One Anthem

This may be my favorite quote from the pen of Hannah More (1745–1833), the poet, reformer, and abolitionist, as published in The Works of Hannah More (New York; Harper & Bros., 1846), 1:434:

What a triumph for the humble Christian to be assured, that ‘the high and lofty One which inhabiteth eternity,’ condescends at the same time to dwell in the heart of the contrite — in his heart! To know that God is the God of his life, to know that he is even invited to take the Lord for his God. To close with God’s offers, to accept his invitations, to receive God as his portion, must surely be more pleasing to our heavenly Father, than separating our happiness from his glory.

To disconnect our interests from his goodness, is at once to detract from his perfections, and to obscure the brightness of our own hopes. The declarations of inspired writers are confirmed by the authority of the heavenly hosts. They proclaim that the glory of God and the happiness of his creatures, so far from interfering, are connected with each other. We know but of one anthem composed and sung by angels, and this most harmoniously combines ‘the glory of God in the highest with peace on earth and good will to men.’ …

This God is our God — God, even our own God, shall bless us. How delightful the appropriation! To glorify him as being in himself consummate excellence, and to love him from the feeling that this excellence is directed to our felicity! Here modesty would be ingratitude; disinterestedness rebellion.

This is a beautiful description of what we now call Christian Hedonism.

Every Wave Obeys

While researching my book on John Newton, I found a riveting letter he wrote at sea to his wife Polly, during the busy hurricane season of 1751. Here’s what he wrote (Works 5:377–8):

We have another heavy gale of wind, and it is not easy to sit fast, or to hold a pen; but, as the distance between us is lessening at the rate of seven or eight miles per hour, I am willing to fill up my paper as fast as I can.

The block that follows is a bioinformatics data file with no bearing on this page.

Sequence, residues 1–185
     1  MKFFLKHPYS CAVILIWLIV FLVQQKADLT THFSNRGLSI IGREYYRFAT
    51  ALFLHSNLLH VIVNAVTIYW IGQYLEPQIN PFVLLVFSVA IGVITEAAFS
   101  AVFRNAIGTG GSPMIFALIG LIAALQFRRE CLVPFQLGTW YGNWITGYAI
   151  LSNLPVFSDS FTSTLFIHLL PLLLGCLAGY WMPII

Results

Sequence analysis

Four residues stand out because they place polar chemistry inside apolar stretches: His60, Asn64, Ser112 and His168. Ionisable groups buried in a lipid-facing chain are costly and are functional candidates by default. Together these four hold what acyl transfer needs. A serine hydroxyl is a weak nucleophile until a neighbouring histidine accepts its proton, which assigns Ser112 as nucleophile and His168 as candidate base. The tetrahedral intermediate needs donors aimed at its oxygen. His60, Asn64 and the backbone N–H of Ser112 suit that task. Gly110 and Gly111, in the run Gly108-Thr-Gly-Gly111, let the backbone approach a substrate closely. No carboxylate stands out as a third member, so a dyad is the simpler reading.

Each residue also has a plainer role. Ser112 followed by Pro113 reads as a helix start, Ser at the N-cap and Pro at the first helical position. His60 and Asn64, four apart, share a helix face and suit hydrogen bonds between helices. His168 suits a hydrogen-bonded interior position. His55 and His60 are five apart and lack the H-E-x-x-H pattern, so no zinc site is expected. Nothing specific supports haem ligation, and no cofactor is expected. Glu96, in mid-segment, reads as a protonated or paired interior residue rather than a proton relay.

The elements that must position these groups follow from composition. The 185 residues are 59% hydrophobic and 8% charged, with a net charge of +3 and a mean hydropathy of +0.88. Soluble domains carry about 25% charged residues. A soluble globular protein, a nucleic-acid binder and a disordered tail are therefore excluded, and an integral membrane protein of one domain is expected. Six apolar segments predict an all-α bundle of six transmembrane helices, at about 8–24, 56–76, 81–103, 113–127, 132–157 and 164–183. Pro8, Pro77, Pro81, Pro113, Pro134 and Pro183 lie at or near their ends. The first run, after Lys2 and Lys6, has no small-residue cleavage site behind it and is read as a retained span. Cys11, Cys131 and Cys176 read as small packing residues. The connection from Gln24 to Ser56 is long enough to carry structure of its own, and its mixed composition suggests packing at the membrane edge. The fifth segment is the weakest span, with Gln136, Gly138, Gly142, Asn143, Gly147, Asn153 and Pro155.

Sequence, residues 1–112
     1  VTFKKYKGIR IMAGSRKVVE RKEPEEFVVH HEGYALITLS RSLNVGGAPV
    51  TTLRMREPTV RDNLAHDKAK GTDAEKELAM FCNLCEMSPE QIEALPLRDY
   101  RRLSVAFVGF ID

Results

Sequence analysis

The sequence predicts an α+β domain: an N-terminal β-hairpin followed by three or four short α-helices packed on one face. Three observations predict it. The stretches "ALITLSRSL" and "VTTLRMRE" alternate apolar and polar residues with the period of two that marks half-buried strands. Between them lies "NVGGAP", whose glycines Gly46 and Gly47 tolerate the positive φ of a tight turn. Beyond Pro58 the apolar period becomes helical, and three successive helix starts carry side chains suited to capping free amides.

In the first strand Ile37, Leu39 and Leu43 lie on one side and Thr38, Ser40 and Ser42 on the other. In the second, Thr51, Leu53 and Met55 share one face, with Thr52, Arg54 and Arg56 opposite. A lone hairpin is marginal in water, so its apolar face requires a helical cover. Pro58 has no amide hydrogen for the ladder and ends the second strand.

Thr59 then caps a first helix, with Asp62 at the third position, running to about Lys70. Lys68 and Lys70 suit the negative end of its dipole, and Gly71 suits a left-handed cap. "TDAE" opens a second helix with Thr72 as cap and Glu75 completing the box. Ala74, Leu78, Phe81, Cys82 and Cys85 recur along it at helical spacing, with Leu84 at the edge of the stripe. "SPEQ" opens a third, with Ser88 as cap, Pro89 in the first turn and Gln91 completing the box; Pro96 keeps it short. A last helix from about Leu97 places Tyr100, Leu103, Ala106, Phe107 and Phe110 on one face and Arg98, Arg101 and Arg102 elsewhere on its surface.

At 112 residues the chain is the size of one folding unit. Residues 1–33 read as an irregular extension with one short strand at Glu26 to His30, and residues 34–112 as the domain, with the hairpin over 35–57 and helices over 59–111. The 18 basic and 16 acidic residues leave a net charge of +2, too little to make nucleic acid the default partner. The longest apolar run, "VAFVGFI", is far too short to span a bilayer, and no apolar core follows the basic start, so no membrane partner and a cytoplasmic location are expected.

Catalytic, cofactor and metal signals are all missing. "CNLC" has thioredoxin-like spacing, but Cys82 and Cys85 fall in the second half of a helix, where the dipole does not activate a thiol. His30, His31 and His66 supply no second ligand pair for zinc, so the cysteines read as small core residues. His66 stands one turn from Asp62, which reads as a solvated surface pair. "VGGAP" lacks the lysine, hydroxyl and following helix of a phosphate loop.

I wish I had words to convey some idea of the scene around me: but it cannot be fully described. A faint conception may be formed from pictures, or prints, of a storm at sea.

Imagine to yourself an immense body of water behind you, higher than a house, and a chasm of equal depth just before you: both so apparently dangerous; that you could hardly determine which to venture; and both so near, as not to allow you a moment’s time to choose; for in the twinkling of an eye the ship descends into the pit which is gaping to receive her, and with equal swiftness ascends to the top on the other side, before the mountain that is behind can overtake her. And this is repeated as often as you can deliberately count to four.

It is indeed wonderful, that a ship will run incessantly over these hills and dales, for days and weeks together, (if the gale lasts so long,) without receiving the least damage, or taking any considerable quantity of water on board; and yet never be more than four or five yards from a sea, which, if it was quite to reach her, would perhaps disable her beyond recovery, if not beat her to pieces at a single blow.

Need we go farther for the proof of a Providence always near, always kind, kind to the unthankful and the evil? For, though these marks of his care are repeated every minute, they are seldom acknowledged by seamen. For my own part, I see dangers so numerous and imminent, that I should be always in anxiety and fear, could I not submit myself and all my concerns to Him who holds the waves of the sea in the hollow of his hand, as the prophet strongly expresses it; so that, when most enraged by the winds, I am sure they dare not rise a single inch beyond his permission.

Luminescence

Kyle Strobel, writing in the new book Advancing Trinitarian Theology: Explorations in Constructive Dogmatics (148, 152):

In [Jonathan] Edwards’s conception, God is not so loquacious as he is luminescent. Creation certainly pours forth speech, as the Psalmist declares (Ps 19), but it is written by the effusive overflow of God’s beauty. This speech is seen and not heard (or only heard as it is seen). The visual takes precedence in Edwards’s theology because of his doctrine of God, his understanding of the beatific vision, and its orientation for faith. One day believers will see “face to face” (1 Cor 13:12), so the spiritual sight of faith is the anticipation — through a glass darkly — of God’s beatific glory. …

Edwards ends right where he begins — with a God who is infinite happiness, delight, and joy. God’s life is, as it were, the truly religious life; God’s life is one of affection, delight, and the vision that “happifies.” God is the great contemplative, we can say, captivated with truth divine by consenting in union with Truth itself — the Logos. As Edwards claims, God’s excellency “is the highest theme that ever man, that ever archangels, yes, that ever the man Christ Jesus, entered upon yet; yea, it is that theme which is, to speak after the manner of men, the highest contemplation, and the infinite happiness, of Jehovah himself.”

God’s life serves as the archetype for perfect knowledge and therefore casts knowledge in a specifically affectionate and contemplative mold. This is why religious affection is a central issue for Edwards’s understanding of Christian life, knowledge, and conversion. To know God, one must know him as God knows himself — by gazing upon his perfect image in the affection and beauty of the Spirit.